Emma Watson Pussy
War And Peace
whispered the nurse.
The blood rushed to Natashas face and her feet involuntarily moved,
but she could not jump up and run out. The baby again opened his
eyes and looked at her. "Youre here?" he seemed to be saying, and
again lazily smacked his lips.
Cautiously withdrawing her breast, Natasha rocked him a little,
handed him to the nurse, and went with rapid steps toward the door.
But at the door she stopped as if her conscience reproached her for
having in her joy left the child too soon, and she glanced round.
The nurse with raised elbows was lifting the infant over the rail of
"Go, maam! Dont worry, go!" she whispered, smiling, with the
kind of familiarity that grows up between a nurse and her mistress.
Natasha ran with light footsteps to the anteroom.
Denisov, who had come out of the study into the dancing room with
his pipe, now for the first time recognized the old Natasha. A flood
of brilliant, joyful light poured from her transfigured face.
"Hes come!" she exclaimed as she ran past, and Denisov felt that he
too was delighted that Pierre, whom he did not much care for, had
On reaching the vestibule Natasha saw a tall figure in a fur coat
unwinding his scarf. "Its he! Its really he! He has come!" she
said to herself, and rushing at him embraced him, pressed his head
to her breast, and then pushed him back and gazed at his ruddy,
happy face, covered with hoarfrost. "Yes, it is he, happy and
Then all at once she remembered the tortures of suspense she had
experienced for the last fortnight, and the joy that had lit up her
face vanished; she frowned and overwhelmed Pierre with a torrent of
reproaches and angry words.
"Yes, its all very well for you. You are pleased, youve had a good
time.... But what about me? You might at least have shown
consideration for the children. I am nursing and my milk was
spoiled.... Petya was at deaths door. But you were enjoying yourself.
Pierre knew he was not to blame, for he could not have come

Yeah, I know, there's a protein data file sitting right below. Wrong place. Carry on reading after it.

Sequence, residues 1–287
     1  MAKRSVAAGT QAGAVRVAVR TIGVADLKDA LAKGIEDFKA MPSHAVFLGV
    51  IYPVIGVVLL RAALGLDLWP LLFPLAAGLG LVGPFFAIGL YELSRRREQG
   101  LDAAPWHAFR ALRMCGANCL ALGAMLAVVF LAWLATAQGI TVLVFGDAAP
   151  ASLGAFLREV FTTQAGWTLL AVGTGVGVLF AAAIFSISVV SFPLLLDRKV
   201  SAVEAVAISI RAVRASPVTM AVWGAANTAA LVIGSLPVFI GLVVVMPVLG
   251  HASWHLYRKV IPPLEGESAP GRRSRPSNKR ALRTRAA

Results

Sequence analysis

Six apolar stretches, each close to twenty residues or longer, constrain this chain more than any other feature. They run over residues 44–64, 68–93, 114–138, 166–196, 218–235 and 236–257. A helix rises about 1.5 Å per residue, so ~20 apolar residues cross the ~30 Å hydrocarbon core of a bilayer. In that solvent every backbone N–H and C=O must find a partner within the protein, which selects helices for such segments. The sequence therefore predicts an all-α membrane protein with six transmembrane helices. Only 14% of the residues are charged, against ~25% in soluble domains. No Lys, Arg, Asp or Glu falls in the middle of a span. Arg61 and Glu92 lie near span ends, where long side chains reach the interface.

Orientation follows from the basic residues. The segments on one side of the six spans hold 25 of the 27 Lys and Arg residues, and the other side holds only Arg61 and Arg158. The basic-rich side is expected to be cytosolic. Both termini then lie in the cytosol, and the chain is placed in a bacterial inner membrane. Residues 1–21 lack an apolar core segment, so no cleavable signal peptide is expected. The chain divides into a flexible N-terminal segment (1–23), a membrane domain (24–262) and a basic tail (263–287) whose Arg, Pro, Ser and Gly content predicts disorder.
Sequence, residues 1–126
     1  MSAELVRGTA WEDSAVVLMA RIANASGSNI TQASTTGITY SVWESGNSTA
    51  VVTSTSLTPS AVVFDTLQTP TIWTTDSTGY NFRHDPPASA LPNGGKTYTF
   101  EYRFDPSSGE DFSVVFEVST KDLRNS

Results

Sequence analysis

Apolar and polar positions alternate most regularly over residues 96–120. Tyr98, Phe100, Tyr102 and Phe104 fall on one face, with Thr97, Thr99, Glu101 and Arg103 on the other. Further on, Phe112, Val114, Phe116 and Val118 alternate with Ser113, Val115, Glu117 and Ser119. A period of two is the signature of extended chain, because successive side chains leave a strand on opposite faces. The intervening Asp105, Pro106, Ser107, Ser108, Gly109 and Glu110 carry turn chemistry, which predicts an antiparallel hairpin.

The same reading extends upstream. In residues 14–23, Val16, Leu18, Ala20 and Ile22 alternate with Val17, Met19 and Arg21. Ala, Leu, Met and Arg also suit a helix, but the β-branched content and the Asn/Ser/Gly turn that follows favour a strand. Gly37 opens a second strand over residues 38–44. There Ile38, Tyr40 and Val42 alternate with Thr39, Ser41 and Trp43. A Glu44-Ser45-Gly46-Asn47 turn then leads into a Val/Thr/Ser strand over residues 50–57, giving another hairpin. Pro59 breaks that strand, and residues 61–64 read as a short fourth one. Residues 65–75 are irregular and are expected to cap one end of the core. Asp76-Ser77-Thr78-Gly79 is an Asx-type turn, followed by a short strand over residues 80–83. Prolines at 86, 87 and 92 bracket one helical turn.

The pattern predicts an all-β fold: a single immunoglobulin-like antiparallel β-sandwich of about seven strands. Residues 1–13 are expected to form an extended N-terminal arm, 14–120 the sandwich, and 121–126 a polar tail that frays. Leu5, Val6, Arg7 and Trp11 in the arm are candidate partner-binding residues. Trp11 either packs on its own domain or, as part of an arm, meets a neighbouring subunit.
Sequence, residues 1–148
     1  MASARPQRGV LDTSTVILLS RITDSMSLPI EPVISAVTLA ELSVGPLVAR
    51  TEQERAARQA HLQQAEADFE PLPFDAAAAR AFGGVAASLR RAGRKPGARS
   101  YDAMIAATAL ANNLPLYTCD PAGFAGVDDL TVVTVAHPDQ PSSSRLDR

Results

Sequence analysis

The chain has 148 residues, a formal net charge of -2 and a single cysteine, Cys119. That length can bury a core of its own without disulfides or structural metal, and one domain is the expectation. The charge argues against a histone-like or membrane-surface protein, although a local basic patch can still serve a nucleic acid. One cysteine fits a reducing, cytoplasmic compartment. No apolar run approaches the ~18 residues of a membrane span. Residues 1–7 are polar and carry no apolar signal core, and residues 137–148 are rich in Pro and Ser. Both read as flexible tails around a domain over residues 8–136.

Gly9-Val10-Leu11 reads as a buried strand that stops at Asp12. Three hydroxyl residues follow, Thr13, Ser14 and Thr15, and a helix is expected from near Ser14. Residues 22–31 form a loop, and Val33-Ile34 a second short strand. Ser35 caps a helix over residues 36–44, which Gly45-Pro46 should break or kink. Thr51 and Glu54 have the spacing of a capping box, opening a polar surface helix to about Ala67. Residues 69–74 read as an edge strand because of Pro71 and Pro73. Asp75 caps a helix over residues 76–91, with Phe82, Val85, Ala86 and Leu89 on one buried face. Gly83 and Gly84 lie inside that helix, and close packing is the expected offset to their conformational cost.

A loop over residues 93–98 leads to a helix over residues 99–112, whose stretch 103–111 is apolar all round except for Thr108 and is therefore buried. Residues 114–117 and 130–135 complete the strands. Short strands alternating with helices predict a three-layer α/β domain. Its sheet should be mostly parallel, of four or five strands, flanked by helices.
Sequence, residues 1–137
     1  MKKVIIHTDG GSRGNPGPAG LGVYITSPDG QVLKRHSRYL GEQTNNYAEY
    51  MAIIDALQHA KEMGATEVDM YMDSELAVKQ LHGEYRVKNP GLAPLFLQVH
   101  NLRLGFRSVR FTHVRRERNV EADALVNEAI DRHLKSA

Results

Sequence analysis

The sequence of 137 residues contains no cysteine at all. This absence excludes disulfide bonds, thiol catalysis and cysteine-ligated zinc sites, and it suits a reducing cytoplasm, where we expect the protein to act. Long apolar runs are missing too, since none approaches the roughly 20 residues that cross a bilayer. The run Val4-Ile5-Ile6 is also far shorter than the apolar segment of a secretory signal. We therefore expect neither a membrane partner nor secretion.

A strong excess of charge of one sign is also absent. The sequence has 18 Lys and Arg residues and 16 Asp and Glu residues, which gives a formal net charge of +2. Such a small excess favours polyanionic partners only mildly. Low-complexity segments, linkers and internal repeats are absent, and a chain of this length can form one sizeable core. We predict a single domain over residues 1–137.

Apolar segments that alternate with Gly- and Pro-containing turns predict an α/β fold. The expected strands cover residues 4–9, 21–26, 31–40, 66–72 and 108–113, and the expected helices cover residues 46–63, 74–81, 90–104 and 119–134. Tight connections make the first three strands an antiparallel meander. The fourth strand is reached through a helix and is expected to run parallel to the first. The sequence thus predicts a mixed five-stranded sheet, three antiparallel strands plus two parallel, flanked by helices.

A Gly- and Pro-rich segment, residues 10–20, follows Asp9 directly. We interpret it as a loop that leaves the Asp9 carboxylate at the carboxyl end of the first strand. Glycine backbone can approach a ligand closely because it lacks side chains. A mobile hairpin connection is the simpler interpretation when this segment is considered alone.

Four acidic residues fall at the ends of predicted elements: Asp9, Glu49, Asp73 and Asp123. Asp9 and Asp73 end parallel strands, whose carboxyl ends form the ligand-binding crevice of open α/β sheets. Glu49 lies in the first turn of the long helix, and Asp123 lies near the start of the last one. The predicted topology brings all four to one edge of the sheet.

sooner; he knew this outburst was unseemly and would blow over in a
minute or two; above all he knew that he himself was bright and happy.
He wanted to smile but dared not even think of doing so. He made a
piteous, frightened face and bent down.
"I could not, on my honor. But how is Petya?"
"All right now. Come along! I wonder youre not ashamed! If only you
could see what I was like without you, how I suffered!"
"You are well?"
"Come, come!" she said, not letting go of his arm. And they went
to their rooms.
When Nicholas and his wife came to look for Pierre he was in the
nursery holding his baby son, who was again awake, on his huge right
palm and dandling him. A blissful bright smile was fixed on the babys
broad face with its toothless open mouth. The storm was long since
over and there was bright, joyous sunshine on Natashas face as she
gazed tenderly at her husband and child.
"And have you talked everything well over with Prince Theodore?" she
"You see, he holds it up." (She meant the babys head.) "But how
he did frighten me... Youve seen the princess? Is it true shes in
love with that..."
"Yes, just fancy..."
At that moment Nicholas and Countess Mary came in. Pierre with the
baby on his hand stooped, kissed them, and replied to their inquiries.
But in spite of much that was interesting and had to be discussed, the
baby with the little cap on its unsteady head evidently absorbed all
"How sweet!" said Countess Mary, looking at and playing with the
baby. "Now, Nicholas," she added, turning to her husband, "I cant
understand how it is you dont see the charm of these delicious
"I dont and cant," replied Nicholas, looking coldly at the baby.
"A lump of flesh. Come along, Pierre!"
"And yet hes such an affectionate father," said Countess Mary,
vindicating her husband, "but only after they are a year old or so..."
"Now, Pierre nurses them splendidly," said Natasha. "He says his
hand is just made for a babys seat. Just look!"
"Only not for this..." Pierre suddenly exclaimed with a laugh, and
shifting the baby he gave him to the nurse.
As in every large household, there were at Bald Hills several
perfectly distinct worlds which merged into one harmonious whole,
though each retained its own peculiarities
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